The poet Robert Graves (1895 – 1985) said the portrait possessed “a seldom-seen element in Lawrence’s character – a sort of street-urchin furtiveness” (Page 80 – Thirty Years with George Bernard Shaw by Blanche Patch. Published by Victor Gollancz Ltd, London 1951).
The Strand Magazine Jan 1920 Volume 59. Number 349. George Newnes Ltd. London.
The Sir William Orpen article which Lawrence refers to in his letter under “O” (pages 27 – 31). The image is of Orpen’s painting of American President Woodrow Wilson which hangs in The White House.
Photo of The Arabian Commission to the Peace Conference and its advisors. In front, Emir Feisal with, from left to right, Mohanned Rustum Bey Haidar of Baalbek, Brigadier General Nuri Pasha Said, Captain Pisani, T.E. Lawrence and Captain Hassan Bey Kadri.
Orpen also painted Emir Feisal (1883 – 1933) at the Paris Peace Conference (1919).
The Strand Magazine (1919) – Lawrence of Arabia.
The Greatest Romance of Real Life.
The facing page in The Strand. The magazine article contained 13 pages about Lawrence of Arabia by Mr Lowell Thomas (pages 40 – 53).
Lawrence met King George V at Buckingham Palace on 30th Oct. 1918 believing the meeting was to discuss new borders for an independent Arabia but when the King announced he wished to bestow a Knighthood on him, Lawrence rejected the offer and stormed out of the Palace. He was angry over the British governments betrayal of the Arabs who had been promised independence.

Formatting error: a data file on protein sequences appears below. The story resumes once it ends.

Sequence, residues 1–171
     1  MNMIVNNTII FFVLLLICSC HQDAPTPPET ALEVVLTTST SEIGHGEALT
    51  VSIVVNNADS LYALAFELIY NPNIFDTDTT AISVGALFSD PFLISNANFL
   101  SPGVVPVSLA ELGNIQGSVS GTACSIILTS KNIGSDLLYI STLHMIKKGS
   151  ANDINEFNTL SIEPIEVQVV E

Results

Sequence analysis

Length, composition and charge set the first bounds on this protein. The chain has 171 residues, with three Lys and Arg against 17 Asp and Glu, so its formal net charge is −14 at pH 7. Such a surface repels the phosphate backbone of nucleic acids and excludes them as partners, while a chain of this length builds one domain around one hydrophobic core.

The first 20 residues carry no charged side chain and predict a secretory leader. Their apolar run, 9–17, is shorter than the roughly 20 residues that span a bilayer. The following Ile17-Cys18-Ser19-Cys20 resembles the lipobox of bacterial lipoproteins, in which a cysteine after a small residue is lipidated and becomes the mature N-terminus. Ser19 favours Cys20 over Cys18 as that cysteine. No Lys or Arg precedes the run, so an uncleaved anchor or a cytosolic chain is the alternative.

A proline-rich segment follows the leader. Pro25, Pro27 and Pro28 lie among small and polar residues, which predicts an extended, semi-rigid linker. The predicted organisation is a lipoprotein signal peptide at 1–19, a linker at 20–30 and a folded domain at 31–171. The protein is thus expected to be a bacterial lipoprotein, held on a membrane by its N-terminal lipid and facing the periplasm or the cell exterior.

Lawrence later published an English translation of Homer’s Odyssey under the pen name of T.E. Shaw which was a shout out to his friend George Bernard Shaw who had given Lawrence the ‘Rolls Royce of motorbikes’ a Brough Superior SS100. Sadly, Lawrence suffered brain damage after the motorbike and died on 19th May 1935. And thus began the introduction of motorbike helmets.
T.E. Lawrence on his Brough-Superior-SS100 when he served in the RAF under the name of T.E. Shaw.
He is buried in the churchyard at St Nicholas’ Church in Moreton, UK.
Gravestone of T.E. Lawrence.
Augustus John’s portrait of Laurence of Arabia (1915).
One of a number of paintings of Lawrence of Arabia by August John (1878 – 1961).
Medium: – Oil on canvas.
Presented by the Duke of Westminster 1920 to The Tate Gallery Collection, Reference N03566.
James McBey’s portrait of Laurence of Arabia (1918).
T.E. Lawrence by James McBey (1883 – 1959). IWM.
Painted in Damascus, Syria soon after it was Taken by Lawrence and his Arab Army (Imperial War Museum, London, England).
The Movie – Lawrence of Arabia directed by David Lean (1962).
Peter O’Toole (1932 – 2013).
The Lawrence family originally came from Galway in Ireland. The actor Peter O’Toole was never quite sure if he was Irish or British as he had a Birth Certificate from both countries. He was not only a fine actor but he also looked quite like Lawrence and in fact received his first Oscar nomination for Lawrence of Arabia.
Post by Dominic Lee, Orpen Research Project.